I. Introduction

Historical background

Historically, the men and women who report and distribute news have been valuable members of society. Hunters and gatherers relied on each other for the information they needed to survive. Generals sent messengers on dangerous missions to pass along their intelligence. Kings used all sorts of media to spread information — and misinformation — to their subjects.

With the invention of the printing press, the potential arose to make news something other than the province of the privileged. In America's early days, pamphlets and newspapers stirred the passion needed to send England's army home in defeat. With the invention of the telegraph, news could travel quickly from the scene of an event to a newspaper thousands of miles away, where readers could get the information as soon as the words could be set into type. All over the world, and especially in the New World, newspapers entrenched themselves as the primary mode of communication.

The inventions of the 20th century have forced a constant redefinition of the role of newspapers. Newspapers slowly surrendered their dominance over the flow of news as radio and television grew in importance. By the time a newspaper is printed, the typical reader may have heard the important news of the day on a living-room television or a car radio.

In the 1990s, the Internet sprang quickly from a small communication network to a mainstream news source, and the pace of change accelerated for newspapers and their counterparts in radio and television. The World Wide Web and e-mail offer new avenues for distributing news for every newspaper, radio station, and TV station, and these same tools yield new competition in the form of large Internet companies and even tiny news organizations that are made possible by the low operating costs of a Web site. Concurrently, cable news networks have proliferated, adding to the number of 24-hour news services. Long-established news providers have been forced to adapt quickly to the new opportunities — and new demands — of giving news in new formats at unprecedented speed. This paper will explore this process of adaptation and explain how journalists are defining their role in today's rapidly changing media industry.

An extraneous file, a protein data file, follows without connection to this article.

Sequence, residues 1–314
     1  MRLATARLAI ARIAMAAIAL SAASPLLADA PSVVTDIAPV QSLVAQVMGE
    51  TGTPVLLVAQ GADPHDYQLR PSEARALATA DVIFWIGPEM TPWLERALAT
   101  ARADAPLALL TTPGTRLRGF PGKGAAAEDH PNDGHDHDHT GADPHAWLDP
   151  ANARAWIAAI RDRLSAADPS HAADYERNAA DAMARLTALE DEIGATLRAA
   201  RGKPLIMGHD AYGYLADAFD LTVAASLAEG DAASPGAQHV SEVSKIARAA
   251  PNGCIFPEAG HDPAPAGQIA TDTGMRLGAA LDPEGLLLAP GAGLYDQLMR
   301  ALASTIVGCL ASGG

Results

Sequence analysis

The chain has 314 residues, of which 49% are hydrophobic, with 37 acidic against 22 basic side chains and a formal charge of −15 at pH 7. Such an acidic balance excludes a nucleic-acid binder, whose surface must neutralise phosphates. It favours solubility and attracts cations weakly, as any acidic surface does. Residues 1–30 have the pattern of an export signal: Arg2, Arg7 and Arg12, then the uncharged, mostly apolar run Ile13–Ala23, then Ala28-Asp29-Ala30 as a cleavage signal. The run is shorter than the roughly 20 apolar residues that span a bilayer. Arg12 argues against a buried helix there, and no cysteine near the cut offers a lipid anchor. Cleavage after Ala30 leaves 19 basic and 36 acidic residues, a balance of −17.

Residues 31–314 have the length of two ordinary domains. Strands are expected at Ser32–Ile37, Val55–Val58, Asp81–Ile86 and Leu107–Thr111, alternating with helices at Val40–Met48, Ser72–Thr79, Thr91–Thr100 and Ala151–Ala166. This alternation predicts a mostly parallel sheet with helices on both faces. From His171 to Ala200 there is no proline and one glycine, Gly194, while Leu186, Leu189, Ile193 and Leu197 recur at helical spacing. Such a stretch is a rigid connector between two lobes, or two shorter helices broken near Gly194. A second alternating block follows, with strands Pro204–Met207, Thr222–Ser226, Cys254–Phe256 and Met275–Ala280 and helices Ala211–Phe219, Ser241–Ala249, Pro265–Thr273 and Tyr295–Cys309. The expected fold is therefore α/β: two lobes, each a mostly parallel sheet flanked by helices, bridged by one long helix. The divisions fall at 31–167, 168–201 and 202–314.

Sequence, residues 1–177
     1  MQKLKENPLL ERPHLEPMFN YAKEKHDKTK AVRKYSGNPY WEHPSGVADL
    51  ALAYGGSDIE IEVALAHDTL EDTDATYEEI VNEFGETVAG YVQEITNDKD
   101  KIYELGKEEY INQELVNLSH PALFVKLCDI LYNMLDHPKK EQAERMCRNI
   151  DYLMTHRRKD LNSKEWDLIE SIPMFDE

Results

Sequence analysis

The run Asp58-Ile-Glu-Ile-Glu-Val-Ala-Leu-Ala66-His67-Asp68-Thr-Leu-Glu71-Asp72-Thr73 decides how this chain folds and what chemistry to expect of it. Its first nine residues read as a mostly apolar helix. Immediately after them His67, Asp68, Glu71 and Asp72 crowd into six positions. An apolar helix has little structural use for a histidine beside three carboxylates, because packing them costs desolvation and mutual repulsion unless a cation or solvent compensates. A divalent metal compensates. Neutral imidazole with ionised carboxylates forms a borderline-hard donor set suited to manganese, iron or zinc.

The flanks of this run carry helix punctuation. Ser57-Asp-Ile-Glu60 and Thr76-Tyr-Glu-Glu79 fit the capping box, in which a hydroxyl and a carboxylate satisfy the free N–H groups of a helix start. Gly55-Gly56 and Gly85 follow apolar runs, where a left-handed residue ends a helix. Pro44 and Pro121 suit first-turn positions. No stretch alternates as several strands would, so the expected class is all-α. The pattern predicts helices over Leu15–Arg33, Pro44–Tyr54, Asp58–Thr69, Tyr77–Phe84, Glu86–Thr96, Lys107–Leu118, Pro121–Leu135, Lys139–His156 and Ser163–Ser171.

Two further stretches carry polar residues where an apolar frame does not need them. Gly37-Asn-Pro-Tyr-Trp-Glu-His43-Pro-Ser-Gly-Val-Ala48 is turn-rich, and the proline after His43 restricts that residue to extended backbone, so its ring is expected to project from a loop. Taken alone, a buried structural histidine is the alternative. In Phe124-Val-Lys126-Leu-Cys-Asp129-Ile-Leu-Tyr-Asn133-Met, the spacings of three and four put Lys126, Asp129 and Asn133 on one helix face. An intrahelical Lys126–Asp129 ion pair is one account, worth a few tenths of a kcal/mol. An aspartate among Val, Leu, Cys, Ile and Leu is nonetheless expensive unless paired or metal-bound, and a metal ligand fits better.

The importance of this question is demonstrated by the intense scrutiny given to journalism in recent years. The news business faces external examination from sources such as the magazine Brill's Content, established by lawyer and entrepreneur Steven Brill to bring the discussion of journalism issues out of the insular world of journalists and into the mainstream. In his criticism of the "new media culture," Brill lists the following elements:

This scrutiny is hardly limited to external sources. A veteran newspaper journalist interviewed for this paper said of the Internet, "It is important to know the source of your information, and know what standards that source uses in gathering and disseminating information. Is it checked? Or just passed on without checking or context?" 2 Two prominent media critics working for the organization Project for Excellence in Journalism, Tom Rosenstiel and Bill Kovach, issued an ominous warning about the general state of journalism: "A journalist's job is to sift out the facts from the allegations, and to provide citizens with accurate reliable information upon which they can self-govern. That process is at risk." 3

This paper will examine that process and the risk it faces. Today's tools give news providers great power to inform or misinform; this paper will attempt to show how the news industry is using this power.